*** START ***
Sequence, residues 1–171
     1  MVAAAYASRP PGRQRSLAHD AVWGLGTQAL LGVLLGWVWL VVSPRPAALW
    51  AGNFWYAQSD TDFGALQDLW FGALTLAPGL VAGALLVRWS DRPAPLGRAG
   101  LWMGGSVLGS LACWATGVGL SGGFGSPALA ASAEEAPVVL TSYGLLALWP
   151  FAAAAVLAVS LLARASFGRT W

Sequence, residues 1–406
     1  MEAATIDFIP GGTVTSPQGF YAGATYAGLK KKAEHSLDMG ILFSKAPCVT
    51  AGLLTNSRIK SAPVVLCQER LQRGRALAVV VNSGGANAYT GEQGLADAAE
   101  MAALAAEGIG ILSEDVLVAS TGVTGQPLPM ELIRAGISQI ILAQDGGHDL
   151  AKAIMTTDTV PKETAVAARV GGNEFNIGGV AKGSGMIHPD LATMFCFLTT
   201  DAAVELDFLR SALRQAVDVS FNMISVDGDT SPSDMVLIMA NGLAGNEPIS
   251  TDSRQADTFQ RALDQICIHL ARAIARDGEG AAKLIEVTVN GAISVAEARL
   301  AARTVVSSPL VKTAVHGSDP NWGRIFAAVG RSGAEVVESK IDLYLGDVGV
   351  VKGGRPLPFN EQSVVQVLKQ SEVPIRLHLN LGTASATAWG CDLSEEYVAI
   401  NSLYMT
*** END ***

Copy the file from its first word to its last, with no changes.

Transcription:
Sequence, residues 1–171
     1  MVAAAYASRP PGRQRSLAHD AVWGLGTQAL LGVLLGWVWL VVSPRPAALW
    51  AGNFWYAQSD TDFGALQDLW FGALTLAPGL VAGALLVRWS DRPAPLGRAG
   101  LWMGGSVLGS LACWATGVGL SGGFGSPALA ASAEEAPVVL TSYGLLALWP
   151  FAAAAVLAVS LLARASFGRT W

Sequence, residues 1–406
     1  MEAATIDFIP GGTVTSPQGF YAGATYAGLK KKAEHSLDMG ILFSKAPCVT
    51  AGLLTNSRIK SAPVVLCQER LQRGRALAVV VNSGGANAYT GEQGLADAAE
   101  MAALAAEGIG ILSEDVLVAS TGVTGQPLPM ELIRAGISQI ILAQDGGHDL
   151  AKAIMTTDTV PKETAVAARV GGNEFNIGGV AKGSGMIHPD LATMFCFLTT
   201  DAAVELDFLR SALRQAVDVS FNMISVDGDT SPSDMVLIMA NGLAGNEPIS
   251  TDSRQADTFQ RALDQICIHL ARAIARDGEG AAKLIEVTVN GAISVAEARL
   301  AARTVVSSPL VKTAVHGSDP NWGRIFAAVG RSGAEVVESK IDLYLGDVGV
   351  VKGGRPLPFN EQSVVQVLKQ SEVPIRLHLN LGTASATAWG CDLSEEYVAI
   401  NSLYMT